Roger Ebert Home

Giancarlo Esposito Can’t Keep Overcrowded, Rushed Parish on the Road

There is something instantly kinetic about seeing Giancarlo Esposito in a crime drama. He often plays people of great stillness, and yet there's motion behind his eyes. You can see him thinking and feeling. Yes, of course, this on-screen persona is related to his iconic portrayal of Gus Fring in “Breaking Bad” and “Better Call Saul,” but there’s more to it than just that character. The truth is that Esposito has been one of our most charismatic and complex actors for over three decades now. I can still remember seeing him burst into “Do the Right Thing” in a way that made people say, “Who is that? And can I watch him in everything?” Thirty-five years later, he’s still big enough to anchor a new crime drama on AMC called “Parish,” but the show suffers from a problem that sometimes arises when such a strong personality anchors it—everything else struggles to keep up. To be fair, the supporting cast here isn’t horrible, and gets richer in the last episode in a way that’s clearly designed to set up the next season—it’s more the mediocre writing that seems to be literally fighting with Esposito. The fact that he makes this clichéd character and the show around him interesting as often as he does is just another testament to his skill set. You’ll just wish it was in service of a show that had a better idea of what to do with its star.

Esposito plays Gracian “Gray” Parish, a man with a dark past who has left most of it behind to run a car service in New Orleans. His life has already started to unwind when we meet him, after the shooting death of his son, leading to problems at work and home. The business is struggling, and his daughter Makayla (Arica Himmel) is pulling away from Gray and her mother Rose (Paula Malcomson). Rose is convinced they’re going to have to sell their expensive home, and Gray can’t stomach the thought of not only leaving behind all that he’s worked for but the only place that will hold memories of his lost child. That’s why he takes a job. It will be an easy driving gig for a break-in at a lawyer’s office. What could go wrong?

Of course, everything goes wrong, and Parish finds himself entangled in the business of a family of Zimbabwean gangsters led by a power player who goes by The Horse (Zackary Momoh) and his sister Shamiso (a charismatic Bonnie Mbuli). There’s drama in the Tongai family, including a power struggle with The Horse’s brother Zenzo (Ivan Mbakop), but too much of this material is written in broad, clichéd dialogue that allows the show to sink every time it pulls away from its titular character.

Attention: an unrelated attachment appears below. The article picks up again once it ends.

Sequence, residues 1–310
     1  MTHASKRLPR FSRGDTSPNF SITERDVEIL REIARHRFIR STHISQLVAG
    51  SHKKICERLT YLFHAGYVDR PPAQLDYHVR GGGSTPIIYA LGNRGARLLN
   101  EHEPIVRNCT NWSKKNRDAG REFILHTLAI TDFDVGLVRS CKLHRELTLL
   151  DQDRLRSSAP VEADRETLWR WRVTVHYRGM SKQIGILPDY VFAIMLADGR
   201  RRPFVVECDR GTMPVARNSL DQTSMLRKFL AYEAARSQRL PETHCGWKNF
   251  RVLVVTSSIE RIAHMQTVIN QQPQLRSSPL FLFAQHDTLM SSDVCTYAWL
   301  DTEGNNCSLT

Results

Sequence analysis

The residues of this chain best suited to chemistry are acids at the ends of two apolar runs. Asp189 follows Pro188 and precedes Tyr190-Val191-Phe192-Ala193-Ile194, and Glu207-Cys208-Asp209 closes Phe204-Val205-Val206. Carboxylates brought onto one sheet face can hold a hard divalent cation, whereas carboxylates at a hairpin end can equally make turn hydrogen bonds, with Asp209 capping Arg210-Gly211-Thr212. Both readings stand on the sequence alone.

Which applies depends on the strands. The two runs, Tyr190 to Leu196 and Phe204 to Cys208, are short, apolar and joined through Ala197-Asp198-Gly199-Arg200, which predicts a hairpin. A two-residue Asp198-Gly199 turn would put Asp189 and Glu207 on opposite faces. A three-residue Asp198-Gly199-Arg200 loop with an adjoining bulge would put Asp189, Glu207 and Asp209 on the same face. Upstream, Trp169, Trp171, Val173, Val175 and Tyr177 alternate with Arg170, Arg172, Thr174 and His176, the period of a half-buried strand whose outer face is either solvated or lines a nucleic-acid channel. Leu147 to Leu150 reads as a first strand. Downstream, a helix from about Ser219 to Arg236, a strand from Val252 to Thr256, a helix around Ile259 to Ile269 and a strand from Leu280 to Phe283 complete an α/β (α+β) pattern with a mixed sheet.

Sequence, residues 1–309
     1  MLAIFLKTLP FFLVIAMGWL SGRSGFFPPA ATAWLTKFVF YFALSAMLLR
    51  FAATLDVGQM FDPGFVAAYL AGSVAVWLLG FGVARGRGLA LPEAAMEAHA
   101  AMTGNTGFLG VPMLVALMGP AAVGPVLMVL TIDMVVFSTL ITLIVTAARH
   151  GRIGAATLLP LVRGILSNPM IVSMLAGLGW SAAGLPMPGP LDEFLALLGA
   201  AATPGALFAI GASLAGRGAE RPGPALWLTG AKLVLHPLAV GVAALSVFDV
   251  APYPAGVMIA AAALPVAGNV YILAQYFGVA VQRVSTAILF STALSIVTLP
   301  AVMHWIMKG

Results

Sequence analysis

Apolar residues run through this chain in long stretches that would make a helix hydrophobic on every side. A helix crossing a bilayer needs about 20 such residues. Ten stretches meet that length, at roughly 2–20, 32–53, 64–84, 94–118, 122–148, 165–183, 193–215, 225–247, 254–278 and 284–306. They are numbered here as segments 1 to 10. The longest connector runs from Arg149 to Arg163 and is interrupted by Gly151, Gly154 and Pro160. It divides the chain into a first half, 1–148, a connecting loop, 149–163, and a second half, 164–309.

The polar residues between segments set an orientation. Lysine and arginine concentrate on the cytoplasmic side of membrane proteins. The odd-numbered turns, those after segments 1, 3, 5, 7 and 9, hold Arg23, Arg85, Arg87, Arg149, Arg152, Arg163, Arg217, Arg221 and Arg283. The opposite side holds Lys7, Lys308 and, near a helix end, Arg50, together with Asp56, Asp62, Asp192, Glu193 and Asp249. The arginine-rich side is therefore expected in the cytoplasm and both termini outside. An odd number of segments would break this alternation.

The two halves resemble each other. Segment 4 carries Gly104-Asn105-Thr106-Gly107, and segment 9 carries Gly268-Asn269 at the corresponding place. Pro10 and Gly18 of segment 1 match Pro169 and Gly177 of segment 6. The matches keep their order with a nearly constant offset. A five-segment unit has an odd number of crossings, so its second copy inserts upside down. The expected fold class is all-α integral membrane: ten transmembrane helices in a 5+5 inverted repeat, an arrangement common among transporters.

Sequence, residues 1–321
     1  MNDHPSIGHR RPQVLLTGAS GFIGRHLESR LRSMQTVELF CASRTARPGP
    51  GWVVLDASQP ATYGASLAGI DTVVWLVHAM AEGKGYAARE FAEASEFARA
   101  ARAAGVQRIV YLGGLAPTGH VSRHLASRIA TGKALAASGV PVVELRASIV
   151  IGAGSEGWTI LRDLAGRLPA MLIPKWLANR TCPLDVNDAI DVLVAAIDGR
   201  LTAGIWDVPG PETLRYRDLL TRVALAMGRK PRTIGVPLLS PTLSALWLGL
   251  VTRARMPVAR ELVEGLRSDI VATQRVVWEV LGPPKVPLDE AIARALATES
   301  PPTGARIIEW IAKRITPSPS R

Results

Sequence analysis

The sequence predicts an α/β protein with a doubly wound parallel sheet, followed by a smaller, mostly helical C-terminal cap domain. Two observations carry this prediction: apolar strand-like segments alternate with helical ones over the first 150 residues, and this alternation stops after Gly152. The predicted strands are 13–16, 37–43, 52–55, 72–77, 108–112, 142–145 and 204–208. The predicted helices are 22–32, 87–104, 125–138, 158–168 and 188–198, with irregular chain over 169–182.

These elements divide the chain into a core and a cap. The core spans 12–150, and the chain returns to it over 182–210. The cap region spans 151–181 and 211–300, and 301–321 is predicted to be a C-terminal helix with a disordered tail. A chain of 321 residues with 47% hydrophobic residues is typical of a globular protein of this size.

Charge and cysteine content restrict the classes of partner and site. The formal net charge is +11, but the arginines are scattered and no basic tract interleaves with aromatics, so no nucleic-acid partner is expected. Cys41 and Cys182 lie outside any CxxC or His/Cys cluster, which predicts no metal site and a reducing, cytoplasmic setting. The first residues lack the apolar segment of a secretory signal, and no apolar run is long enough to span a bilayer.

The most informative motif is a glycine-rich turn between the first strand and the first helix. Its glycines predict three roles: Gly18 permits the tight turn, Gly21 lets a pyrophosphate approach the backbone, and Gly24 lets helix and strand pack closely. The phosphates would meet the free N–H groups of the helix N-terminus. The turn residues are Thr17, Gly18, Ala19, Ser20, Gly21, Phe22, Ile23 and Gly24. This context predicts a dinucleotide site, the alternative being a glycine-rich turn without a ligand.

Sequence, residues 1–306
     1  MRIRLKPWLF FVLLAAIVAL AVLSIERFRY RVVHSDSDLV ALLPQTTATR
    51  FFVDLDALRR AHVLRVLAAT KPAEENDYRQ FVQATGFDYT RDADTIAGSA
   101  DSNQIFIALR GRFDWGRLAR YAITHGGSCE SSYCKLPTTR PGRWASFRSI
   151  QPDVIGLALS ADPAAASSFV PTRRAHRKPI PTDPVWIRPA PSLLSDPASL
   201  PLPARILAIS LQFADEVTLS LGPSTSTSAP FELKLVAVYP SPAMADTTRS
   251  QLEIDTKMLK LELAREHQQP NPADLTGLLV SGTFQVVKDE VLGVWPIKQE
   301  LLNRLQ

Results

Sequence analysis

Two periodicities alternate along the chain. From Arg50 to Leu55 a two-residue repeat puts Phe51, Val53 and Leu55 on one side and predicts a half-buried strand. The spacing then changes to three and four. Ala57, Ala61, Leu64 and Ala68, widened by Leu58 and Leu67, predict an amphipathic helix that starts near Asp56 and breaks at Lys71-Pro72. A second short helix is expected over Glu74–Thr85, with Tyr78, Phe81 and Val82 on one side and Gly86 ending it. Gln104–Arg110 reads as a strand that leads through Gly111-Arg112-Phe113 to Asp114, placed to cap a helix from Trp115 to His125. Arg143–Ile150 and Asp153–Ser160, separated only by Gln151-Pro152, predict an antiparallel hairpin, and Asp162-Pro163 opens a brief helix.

There are more distractions. Bradley Whitford pops up to gnaw on some scenery with a vague Southern accent as Anton, a crime magnate with a connection to Gray’s dark past. Skeet Ulrich slinks around the periphery as an old friend of Gray’s who likely has an equal ledger of getting him into and out of trouble. Amanda Brugel gets a mysterious tough-talking savior role as Sister Anne, a potential lifeline for Gray when things go wrong.

Given its based on a show called “The Driver” and set in a world of high criminal stakes, one would hope that “Parish” was at least thick with action, but that’s not exactly true. There are big developments at the end of episodes like shootouts that shift allegiances, but there’s surprisingly little actual high stakes tension in this show. Part of the problem is the many plot threads fighting for air from Gray’s grief to the Tongai’s human-trafficking operation to political games being played by Anton.

If it sounds like a lot for six episodes, it absolutely is and there’s a rushed sense to the storytelling here that never allows the supporting cast to feel as fleshed out as its leading man. By the end, Momo, Mbuli, and Mbakop have finally made an impact, and Esposito doesn’t step wrong for the entirety of his six episodes, but Malcomson feels particularly wasted, in part because we get almost no time with the Parishs before she’s marveling at the mess her husband has gotten them into. Ulrich and Brugel try their best but feel like plot devices. 

It almost feels like maybe “Parish” was a victim of the strike, truncating a season of storytelling and character development into six episodes instead of ten or twelve. And then it largely resets for future seasons, bringing in new character actors who won’t be spoiled and ending on a line about how we haven’t seen the last of Parish. The only question is if audiences will care enough to see where he drives next.

Whole series screened for review. Premieres on Sunday, March 31st.

 

Brian Tallerico

Brian Tallerico is the Managing Editor of RogerEbert.com, and also covers television, film, Blu-ray, and video games. He is also a writer for Vulture, The Playlist, The New York Times, and GQ, and the President of the Chicago Film Critics Association.

Latest blog posts

Latest reviews

Irena's Vow
Sweet Dreams
Challengers
Disappear Completely
LaRoy, Texas
The Long Game

Comments

comments powered by Disqus